ISEF 2010_P1.jpg


RGS girls demonstrated their aptitude and commitment in scientific research at the 2010 Singapore Science & Engineering Fair (SSEF), clinching two gold, one bronze and three merit awards. The SSEF is an annual competition for secondary and pre-university students to present their scientific research conducted in the past year.

RGS student Cheng Jingjie (410) took a gold and a bronze and was selected from over 500 participants to represent Singapore in the prestigious International Science and Engineering Fair, to be held at San Jose, USA, from 9 to 14 May. She is the first secondary school student in the 10-year history of SSEF to represent Singapore at the ISEF.
This year 296 research projects out of 440 projects were short-listed for the competition. Of these, 17 were by RGS girls. Selected projects were exhibited and judged at the Singapore Science and Engineering Fair 2010, held on 20 and 21 March. These young scientists presented their respective projects in three to five vigorous rounds of judging by panels of highly acclaimed scientists.

There were 15 awards in four categories. RGS participants did the school immensely proud by clinching 7 of these prestigious awards:

Merit Award:
Deepa Segaran (410) and Vanessa Chiam (411)
Claisse Chu (410) and Low Kay Yi (410)​
Huang Xiaoting (401) and Denise Lim (411)

Bronze Award:
Cheng Jingjine (410)

Silver Award:
Zhang Aidi (411)

Gold Award:
​Tan Meijun (410), Low Kay Yi (410),
 ​Ong Jing Han (410) and Cheng Jingjie (410)

In addition, Zhang Aidi (411), Ong Jing Han (410), and Cheng Jingjie (410) emerged as A* Star Talent Search (ASTS) finalists. Jing Han and Jingjie were merit award winners while Zhang Aidi clinched the ASTS 3rd prize!​

All the winners were acknowledged at the SSEF prize giving ceremony held on 23 April at the Matrix Auditorium in the Biopolis. VIP guests included Mr Wee Heng Tin, Chairman of the Singapore Science Centre Board, Associate Professor Lim Tit Meng, Director of the Singapore Science Centre and Mr Koh Chin Nguang, Deputy Director (Sciences), Ministry of Education. The special guest at the event was Professor Barry Marshall, 2005 Nobel Prize Winner in Physiology and Medicine.​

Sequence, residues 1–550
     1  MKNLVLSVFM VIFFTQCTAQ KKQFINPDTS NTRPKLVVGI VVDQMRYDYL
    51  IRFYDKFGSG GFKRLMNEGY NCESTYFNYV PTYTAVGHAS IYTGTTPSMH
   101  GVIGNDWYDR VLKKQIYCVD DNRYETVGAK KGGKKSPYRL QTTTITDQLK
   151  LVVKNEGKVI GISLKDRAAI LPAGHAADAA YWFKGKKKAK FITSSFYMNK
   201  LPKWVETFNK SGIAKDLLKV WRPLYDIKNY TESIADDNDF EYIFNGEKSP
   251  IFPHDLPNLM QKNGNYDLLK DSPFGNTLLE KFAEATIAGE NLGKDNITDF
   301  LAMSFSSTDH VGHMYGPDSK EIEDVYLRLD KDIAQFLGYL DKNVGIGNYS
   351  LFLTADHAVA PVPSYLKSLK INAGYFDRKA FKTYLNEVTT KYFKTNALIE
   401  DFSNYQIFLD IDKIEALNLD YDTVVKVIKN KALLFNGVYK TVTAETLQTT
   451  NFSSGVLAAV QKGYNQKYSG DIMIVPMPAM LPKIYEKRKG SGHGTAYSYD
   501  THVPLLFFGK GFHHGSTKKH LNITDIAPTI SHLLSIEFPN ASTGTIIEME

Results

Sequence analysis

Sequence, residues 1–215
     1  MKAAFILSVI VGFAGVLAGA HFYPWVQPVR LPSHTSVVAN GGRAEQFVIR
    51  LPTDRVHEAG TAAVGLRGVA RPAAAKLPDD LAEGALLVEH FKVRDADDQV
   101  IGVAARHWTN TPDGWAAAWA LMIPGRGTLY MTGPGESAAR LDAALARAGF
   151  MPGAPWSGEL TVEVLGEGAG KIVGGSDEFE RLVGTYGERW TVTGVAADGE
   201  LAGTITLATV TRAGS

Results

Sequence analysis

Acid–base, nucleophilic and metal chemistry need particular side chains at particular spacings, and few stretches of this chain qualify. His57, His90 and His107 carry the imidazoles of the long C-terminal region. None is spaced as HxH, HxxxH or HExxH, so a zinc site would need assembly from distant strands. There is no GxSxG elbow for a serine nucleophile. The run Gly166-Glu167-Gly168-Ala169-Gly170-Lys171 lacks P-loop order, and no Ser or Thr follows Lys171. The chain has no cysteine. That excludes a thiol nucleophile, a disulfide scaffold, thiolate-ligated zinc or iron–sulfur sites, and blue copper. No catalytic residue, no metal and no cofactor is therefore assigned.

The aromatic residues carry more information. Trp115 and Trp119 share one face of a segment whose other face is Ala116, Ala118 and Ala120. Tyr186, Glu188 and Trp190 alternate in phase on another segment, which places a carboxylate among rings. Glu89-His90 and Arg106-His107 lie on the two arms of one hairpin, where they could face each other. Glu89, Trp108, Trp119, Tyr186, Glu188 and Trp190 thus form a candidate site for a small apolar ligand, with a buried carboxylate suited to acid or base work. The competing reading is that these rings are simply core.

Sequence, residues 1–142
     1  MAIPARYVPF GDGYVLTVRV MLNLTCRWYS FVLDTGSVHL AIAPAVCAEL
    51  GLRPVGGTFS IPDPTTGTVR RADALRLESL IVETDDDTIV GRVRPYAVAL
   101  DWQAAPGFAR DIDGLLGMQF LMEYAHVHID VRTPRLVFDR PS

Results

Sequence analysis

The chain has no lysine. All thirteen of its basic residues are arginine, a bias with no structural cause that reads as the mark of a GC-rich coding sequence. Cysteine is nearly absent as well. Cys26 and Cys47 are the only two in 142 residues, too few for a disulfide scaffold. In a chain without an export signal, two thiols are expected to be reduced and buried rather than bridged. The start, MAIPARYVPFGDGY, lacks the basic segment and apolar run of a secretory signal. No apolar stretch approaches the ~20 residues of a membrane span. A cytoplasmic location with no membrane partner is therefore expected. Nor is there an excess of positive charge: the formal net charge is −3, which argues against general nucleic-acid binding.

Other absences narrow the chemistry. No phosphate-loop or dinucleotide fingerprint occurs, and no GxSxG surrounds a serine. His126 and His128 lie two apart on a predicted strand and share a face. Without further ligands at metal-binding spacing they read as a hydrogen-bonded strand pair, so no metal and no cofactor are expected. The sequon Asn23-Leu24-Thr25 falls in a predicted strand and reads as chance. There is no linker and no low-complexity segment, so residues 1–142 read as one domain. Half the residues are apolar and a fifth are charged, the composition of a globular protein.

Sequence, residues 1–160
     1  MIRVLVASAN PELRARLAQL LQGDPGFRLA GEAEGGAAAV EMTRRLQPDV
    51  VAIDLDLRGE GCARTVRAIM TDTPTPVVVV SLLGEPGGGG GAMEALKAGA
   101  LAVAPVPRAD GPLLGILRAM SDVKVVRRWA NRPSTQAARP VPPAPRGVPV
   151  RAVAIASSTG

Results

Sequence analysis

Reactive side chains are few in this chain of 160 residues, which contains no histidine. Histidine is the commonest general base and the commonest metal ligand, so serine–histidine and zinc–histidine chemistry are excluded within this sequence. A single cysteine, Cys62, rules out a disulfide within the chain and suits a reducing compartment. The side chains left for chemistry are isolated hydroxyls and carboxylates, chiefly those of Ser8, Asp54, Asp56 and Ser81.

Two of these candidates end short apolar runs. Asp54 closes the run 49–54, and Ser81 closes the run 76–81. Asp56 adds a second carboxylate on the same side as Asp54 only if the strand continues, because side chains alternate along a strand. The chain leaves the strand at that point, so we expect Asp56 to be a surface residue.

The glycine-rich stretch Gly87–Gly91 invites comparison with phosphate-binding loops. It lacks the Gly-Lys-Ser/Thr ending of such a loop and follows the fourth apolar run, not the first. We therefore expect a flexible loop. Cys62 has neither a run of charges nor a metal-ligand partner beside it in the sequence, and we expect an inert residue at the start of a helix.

Our Principal Mrs. Julie Hoo, our SMP Teacher Advisors, and a contingent of Year 3 RGS pupils were there to support of the RGS participants.

The RGS participants in the 2010 SSEF sincerely thank their school mentors Mr Shaun Gerard De Souza, Ms Goh Hui Lian, Ms Carmen Hoo, Mr. Yang, Ms Le Tien and Ms Tan Jia Xu for their guidance throughout their research journey.​​


​RGS has produced its finest GCE ‘O’ level results in Higher Mother Tongue (HMT) in the last 5 years. For Higher Chinese, RGS’ percentage of passes shot up from 90.1% to 97%, some 7% higher than the National percentage; 60.8% of RGS candidates scored distinctions. For Higher Malay, RGS achieved a 100% pass, with 63.6% of the girls obtaining A1 or A2. RGS’ percentage of passes in Higher Tamil was 95.2%, pipping the National percentage by a little more than 2%.​

"All of this would not have been possible without the hard work of the MTL teachers, past and present, who taught the girls in Lower Sec as well as Upper Sec,” says Principal Mrs Julie Hoo. “It is testimony, too, to the leadership of the MTL Department, both leaders of the past, who have laid a solid foundation, and the current leaders, for building on that foundation, and for continuing to push boundaries."
Although the school’s integrated programme allows the girls to bypass the GCE ‘O’ level examinations, they still have to sit the exams for Higher Mother Tongue.​